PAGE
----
Townsendia jonesii v. lutea Germination

Submitted by Peter George on Sat, 06/16/2012 - 15:33

Any information about germination of this seed? I know most Townsendias are warm germinators, but I've heard that this one requires a bit of stratification.


Submitted by Peter George on Sat, 07/21/2012 - 08:19

I went ahead and laid out about 20 seeds and in two weeks 6 seedlings showed themselves. I guess that means that this is a typical Townsendia, which means warm germination.

Submitted by tropicalgirl25… on Sat, 07/21/2012 - 14:45

two weeks ago I sowed my own seeds of Townsendia leptotes(beautiful pink flowers in end of march) and parryi outside and both of them have germinated.

Submitted by Peter George on Wed, 08/22/2012 - 20:34

I re-sowed the T. parryi and still not a single germination. The T. leptotes is still coming up, with about 80% germination so far.

I sowed some jonesii v lutea this summer, at warm, with no results :( Maybe I'll stick the pot out for winter, though it seems unlikely those seeds would not have rotted by now... alplains seed, but I don't remember if it was this year's or last's..

This past spring I got several of T. jonesii v. lutea to germinate. I managed to grow out 4, which hopefully will winter over successfully. Asters generally have a low fertility rate, but the seeds I got from Alan Bradshaw all looked good, with nice, big embryos.  I'll almost definitely try again, though. I love Townsendias.

Is that one perennial or monocarpic?  

Alan Bradshaw spoke at the last CRAGS meeting... I would have loved to have been there but had to miss it as I drove home that day for an extended Thanksgiving long weekend.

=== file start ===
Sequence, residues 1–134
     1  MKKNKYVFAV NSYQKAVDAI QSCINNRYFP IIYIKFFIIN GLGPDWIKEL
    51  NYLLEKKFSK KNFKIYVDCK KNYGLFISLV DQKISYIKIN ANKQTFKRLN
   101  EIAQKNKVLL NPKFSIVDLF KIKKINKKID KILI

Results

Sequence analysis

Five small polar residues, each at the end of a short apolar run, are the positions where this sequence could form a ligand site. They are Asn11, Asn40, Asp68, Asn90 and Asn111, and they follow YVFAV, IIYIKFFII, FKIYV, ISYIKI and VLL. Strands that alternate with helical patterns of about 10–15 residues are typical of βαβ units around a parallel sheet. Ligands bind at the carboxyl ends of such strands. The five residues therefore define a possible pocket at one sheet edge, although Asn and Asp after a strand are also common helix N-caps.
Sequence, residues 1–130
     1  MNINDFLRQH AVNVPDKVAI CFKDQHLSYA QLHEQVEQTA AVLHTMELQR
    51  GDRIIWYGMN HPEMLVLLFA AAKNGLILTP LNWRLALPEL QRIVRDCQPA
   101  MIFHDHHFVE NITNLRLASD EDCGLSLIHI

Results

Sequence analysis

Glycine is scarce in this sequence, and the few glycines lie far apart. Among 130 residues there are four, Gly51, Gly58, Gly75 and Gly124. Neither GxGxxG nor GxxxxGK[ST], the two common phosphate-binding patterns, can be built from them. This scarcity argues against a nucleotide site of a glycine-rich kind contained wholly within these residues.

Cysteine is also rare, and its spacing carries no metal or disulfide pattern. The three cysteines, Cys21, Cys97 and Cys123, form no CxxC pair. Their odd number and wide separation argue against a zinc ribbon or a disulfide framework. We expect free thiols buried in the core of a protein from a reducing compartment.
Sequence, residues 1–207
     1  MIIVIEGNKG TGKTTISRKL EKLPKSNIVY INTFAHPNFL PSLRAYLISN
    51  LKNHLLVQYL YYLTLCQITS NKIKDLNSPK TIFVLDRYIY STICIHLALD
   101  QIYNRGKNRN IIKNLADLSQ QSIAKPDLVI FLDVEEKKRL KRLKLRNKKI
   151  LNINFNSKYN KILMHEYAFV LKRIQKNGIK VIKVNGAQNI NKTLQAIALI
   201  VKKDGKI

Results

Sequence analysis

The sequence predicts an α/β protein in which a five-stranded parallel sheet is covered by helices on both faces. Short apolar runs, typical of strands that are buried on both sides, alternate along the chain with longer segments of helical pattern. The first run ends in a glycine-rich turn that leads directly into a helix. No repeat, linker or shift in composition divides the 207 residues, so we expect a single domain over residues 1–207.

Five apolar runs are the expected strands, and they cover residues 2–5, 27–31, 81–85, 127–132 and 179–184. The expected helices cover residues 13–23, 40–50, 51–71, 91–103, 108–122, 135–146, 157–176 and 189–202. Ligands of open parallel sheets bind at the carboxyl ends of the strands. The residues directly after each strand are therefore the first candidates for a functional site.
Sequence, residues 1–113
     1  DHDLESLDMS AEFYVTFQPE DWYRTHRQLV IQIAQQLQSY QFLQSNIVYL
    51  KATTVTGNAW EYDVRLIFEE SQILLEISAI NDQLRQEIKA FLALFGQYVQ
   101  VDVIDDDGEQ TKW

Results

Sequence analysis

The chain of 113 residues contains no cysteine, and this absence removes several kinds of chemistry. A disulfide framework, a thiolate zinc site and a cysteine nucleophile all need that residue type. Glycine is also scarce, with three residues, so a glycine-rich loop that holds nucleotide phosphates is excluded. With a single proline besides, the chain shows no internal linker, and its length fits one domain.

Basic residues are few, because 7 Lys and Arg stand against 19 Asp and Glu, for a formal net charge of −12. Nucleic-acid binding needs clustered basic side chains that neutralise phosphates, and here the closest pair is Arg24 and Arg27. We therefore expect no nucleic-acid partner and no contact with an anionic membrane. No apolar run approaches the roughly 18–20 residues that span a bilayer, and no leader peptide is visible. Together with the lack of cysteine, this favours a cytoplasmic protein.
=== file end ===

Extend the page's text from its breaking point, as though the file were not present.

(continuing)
Submitted by Peter George on Sun, 10/20/2013 - 20:48

I've grown most (maybe all?) of the Townsendias that are in cultivation, and I've found only a couple that were truly 'perennial' in the open garden.  For me, they last two years, maybe three, and then go into permanent dormancy. On the other hand, they almost all live for 5 years or more in troughs, which remains a mysterious reality of our little hobby. Panayoti has written about the difference in life expectancy of rock garden plants in the open garden and in troughs on occasion, but to my knowledge, there has never been a thorough and comprehensive study of exactly why that is.

T. grandiflora is definitely monocarpic for me, and T. condensata acts that way. I've never been able to germinate T. parryi, so I can't comment, but Alan Bradshaw lists it as biennial.


Conditions are surely pertinent- I got seed of T parryi from Lori, whose plants are perennial, and mine (being slow to get planted out etc) took a couple of years to reach flowering (a couple of late flowers last year right at freeze-up), then flowered themselves flamboyantly to death this year! They were still making some flowers when there was essentially no foliage left. I don't know where Lori has them situated, but am guessing her conditions may be leaner- mine are in native clayey soil with gravel, and raised a bit for drainage, but the last couple of years and first part of this summer have been fairly wet..

T leptotes sown and planted out at the same time and same places flowered (much less extravagantly) as well this spring and are still very much alive.


I got seed of T parryi from Lori, whose plants are perennial...


I think I may have to retract that statement... with growing more of them, some have been definitely biennial, others more long-lived but monocarpic.  T. leptotes has been long-lived and perennial.

Submitted by cohan on Mon, 10/21/2013 - 11:40

In reply to by Lori S.

Good to know it wasn't just me ;) I guess once you have a patch going there will eventually always be something of flowering age so it wont matter..

I collected most of the seed, but some dispersed itself, so I'm presuming there will be seedlings- I've seen some but not sure at that stage which will be leptotes and which parryi, hopefully some of each..